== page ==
A hipster couple sat across from me at the coffee shop today. I moved seats so they could sit together.
When I stood up and placed my purse on the other chair, the guy and girl—both 20somethings—nodded at me with a smile. They sat down in the pair of now-open seats across from me.
“Thanks,” the guy said to me.
“No problem,” I said. I tucked my hair behind my ears, took a sip of my cinnamon tea and tried to disguise the fact that it burnt my tongue. It always burns my tongue.
An older lady in the chair next to me was knitting. She had long gray hair, a glass of espresso and a mini black backpack covered in white cartoon cats. We were quite the four-some circling the round wooden coffee table: me, the knitting lady and the hipster couple.
In between my searches for saved images of kitchen tile backsplashes, I started to people-watch.
My eyes kept falling on the hipster couple across from me.
They both wore those glasses. You know the ones. Black. Square. Not too big. Not too small. The kind that scream cool and casual but also millennial/modern. Intelligent/interesting. Etc./etc.
Glasses say a lot about a person.
As the guy sat in his yellow hoodie, his knees pointed in different directions like the corners of a square table. You could balance a checkerboard on his lap. His hair—slightly swopped to the left—combined with the glasses gave him this younger Clark Kent kind of vibe. His brownish-reddish beard looked like a frame for his mouth, or a border for his jaw.
His laptop (MacBook, of course) had a sticker on the bottom right corner. Courage, dear heart, it read in black swirly script. Interesting choice. A departure from the typical band names and brewery stickers. I liked it.
Next to him, she sat in the gray sofa chair. The seat I gave up. Her long tawny brown hair hung straight down like a curtain across her black window of a sweater. Her laptop (NOT a Mac) glowed on her lap as she touched her fingers to the keys like a piano player. The hair brushed the keys, too. She furrowed her brow as she stared at the screen.
I glanced at their left hands, my eyes finding that space between their knuckles. It’s a new habit of mine these days. I never used to care, but I notice all the time now. When you lose something, you look for it in other places.
His band was dark and thick. Hers was dainty and gold. The diamond caught the light cascading from the three globe lamps above the chairs.
I wasn’t surprised that they were married. But it wasn’t their rings that gave their status away to me. Not immediately. Neither did their matching white and black ceramic “Mr.” and “Mrs.” coffee cups.
No, it wasn’t the cups or the rings. It was their bodies.
How she turned her legs toward him, her toes one touch away from his tennis shoes.
The way his fingers found hers and tangled together while they talked.
His lean inward as he looked in her eyes when she said, “Can I ask you something?”
This,I thought. This is what love looks like.
I’ve learned love shows itself when it’s supposed to be hiding. When it has no clue others are watching. In between the lines of life.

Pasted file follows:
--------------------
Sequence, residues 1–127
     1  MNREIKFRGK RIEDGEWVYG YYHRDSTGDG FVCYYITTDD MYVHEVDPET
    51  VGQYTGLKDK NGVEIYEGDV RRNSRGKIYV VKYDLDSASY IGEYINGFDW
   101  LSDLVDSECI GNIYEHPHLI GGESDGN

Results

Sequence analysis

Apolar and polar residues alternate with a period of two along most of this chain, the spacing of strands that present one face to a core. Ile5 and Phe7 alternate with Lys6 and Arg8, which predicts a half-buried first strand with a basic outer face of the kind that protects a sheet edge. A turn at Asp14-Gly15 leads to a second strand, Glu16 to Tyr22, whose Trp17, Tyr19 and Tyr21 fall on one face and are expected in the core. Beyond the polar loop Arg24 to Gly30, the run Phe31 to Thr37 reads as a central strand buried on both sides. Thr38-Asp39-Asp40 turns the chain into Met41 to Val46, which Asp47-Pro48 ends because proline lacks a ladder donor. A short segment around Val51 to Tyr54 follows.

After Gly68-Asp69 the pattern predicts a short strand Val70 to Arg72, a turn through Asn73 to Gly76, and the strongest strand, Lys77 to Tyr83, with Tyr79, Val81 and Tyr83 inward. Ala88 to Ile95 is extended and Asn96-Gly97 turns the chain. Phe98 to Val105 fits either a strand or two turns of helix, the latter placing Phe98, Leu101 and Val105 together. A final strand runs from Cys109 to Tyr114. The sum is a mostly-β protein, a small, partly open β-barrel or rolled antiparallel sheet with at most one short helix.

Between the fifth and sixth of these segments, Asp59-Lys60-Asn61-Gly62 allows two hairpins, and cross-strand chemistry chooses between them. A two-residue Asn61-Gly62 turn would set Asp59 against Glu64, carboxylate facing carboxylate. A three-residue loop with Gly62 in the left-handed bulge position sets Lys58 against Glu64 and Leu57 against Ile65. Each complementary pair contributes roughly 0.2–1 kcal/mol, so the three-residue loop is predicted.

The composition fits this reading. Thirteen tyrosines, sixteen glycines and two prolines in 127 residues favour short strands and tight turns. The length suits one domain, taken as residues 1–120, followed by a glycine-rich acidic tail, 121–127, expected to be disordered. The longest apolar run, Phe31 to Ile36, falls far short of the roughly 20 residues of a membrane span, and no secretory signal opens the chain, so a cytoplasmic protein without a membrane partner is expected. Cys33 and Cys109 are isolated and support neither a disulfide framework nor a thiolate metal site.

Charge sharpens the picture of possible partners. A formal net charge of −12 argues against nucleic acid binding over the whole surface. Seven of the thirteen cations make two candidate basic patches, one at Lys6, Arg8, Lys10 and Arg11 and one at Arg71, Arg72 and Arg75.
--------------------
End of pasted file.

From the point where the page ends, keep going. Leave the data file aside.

Love doesn’t always need a grand entrance. It doesn’t require a red carpet or a spotlight or a perfect posed photo or an extravagant wedding. Love—real love—can’t help but show itself, regardless of whether there’s an audience or not.
A few days before Christmas, I was at my parents’ house. I leaned against the kitchen island as my dad came in through the laundry room.
“I got ‘em,” he said.
“Got your Mom the round pretzels she needs,” he said. “For those chocolate things she makes.”
The pretzels. Yes. They are a Christmas favorite at the Henry house. Up my alley, too, since they’re easy to make: chocolate kisses, then red & green M&Ms, are placed in the center of round pretzels, then baked and melted and hardened together. Delicious.
This year, Mom had a hurdle. She searched all over the region for round pretzels. She hit all the main grocery stores. No luck.
Apparently, my dad had been looking, too.
“Where did you find them?” I asked.
“Pat’s in Freeland,” he said proudly.
I picked up the two yellow bags now on the counter. The clear plastic gave a preview to the round, brown circle pretzels it contained.
I looked at Dad. “Did Mom ask you to look for these?”
He opened a cupboard. “No,” he said casually as he put the pretzel bags away, not really considering my question. His response was more of an afterthought than a boastful moment of I FOUND THE PRETZELS, LOOK WHAT I DID, SHE DID NOT EVEN ASK ME.
It was automatic. Mom needed something, and Dad found it.
We live in a world where we like to show off. The world is our stage, and social media is the sounding board. There’s a time and a place for it, I suppose.
But in a world of show, love often tells on itself. At its best, it is not always the dancer on stage, shining and smiling and waiting for crowd to cheer. Love is the one in the audience, sitting in the dark, clapping the loudest even if the sound of their hands get drowned out by the noise of everyone else.
Yes, love is the fancy dinners on a Saturday night. But it’s also turning on the coffee pot on a Tuesday morning.
It’s taking the pepperoni off the pizza because she likes cheese best. It’s the dog putting her head on my feet at night. It’s a head on a shoulder. A shoveled sidewalk. A warm car. A call home. A "good morning" text.
It’s the small moments. The ones that seem so quiet and insignificant…. yet scream the loudest when they’re gone.
There’s a time for love to be loud.
But there are more times when love is quiet. And it shows up, again and again and again.
All you have to do is look.